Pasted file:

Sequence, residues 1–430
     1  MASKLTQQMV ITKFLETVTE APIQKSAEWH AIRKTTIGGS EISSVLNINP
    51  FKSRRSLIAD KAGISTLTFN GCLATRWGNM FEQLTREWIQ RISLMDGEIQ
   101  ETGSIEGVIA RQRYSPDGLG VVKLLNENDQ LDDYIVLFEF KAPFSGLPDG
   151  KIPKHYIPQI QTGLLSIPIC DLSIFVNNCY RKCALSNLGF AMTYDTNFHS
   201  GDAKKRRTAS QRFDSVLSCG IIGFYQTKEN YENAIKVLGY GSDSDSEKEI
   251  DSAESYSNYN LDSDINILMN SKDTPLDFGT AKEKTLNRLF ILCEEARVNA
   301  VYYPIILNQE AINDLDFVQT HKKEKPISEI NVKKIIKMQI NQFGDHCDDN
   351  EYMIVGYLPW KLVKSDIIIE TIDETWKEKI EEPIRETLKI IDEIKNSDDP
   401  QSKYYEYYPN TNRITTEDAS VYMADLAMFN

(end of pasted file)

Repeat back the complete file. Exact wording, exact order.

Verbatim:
Sequence, residues 1–430
     1  MASKLTQQMV ITKFLETVTE APIQKSAEWH AIRKTTIGGS EISSVLNINP
    51  FKSRRSLIAD KAGISTLTFN GCLATRWGNM FEQLTREWIQ RISLMDGEIQ
   101  ETGSIEGVIA RQRYSPDGLG VVKLLNENDQ LDDYIVLFEF KAPFSGLPDG
   151  KIPKHYIPQI QTGLLSIPIC DLSIFVNNCY RKCALSNLGF AMTYDTNFHS
   201  GDAKKRRTAS QRFDSVLSCG IIGFYQTKEN YENAIKVLGY GSDSDSEKEI
   251  DSAESYSNYN LDSDINILMN SKDTPLDFGT AKEKTLNRLF ILCEEARVNA
   301  VYYPIILNQE AINDLDFVQT HKKEKPISEI NVKKIIKMQI NQFGDHCDDN
   351  EYMIVGYLPW KLVKSDIIIE TIDETWKEKI EEPIRETLKI IDEIKNSDDP
   401  QSKYYEYYPN TNRITTEDAS VYMADLAMFN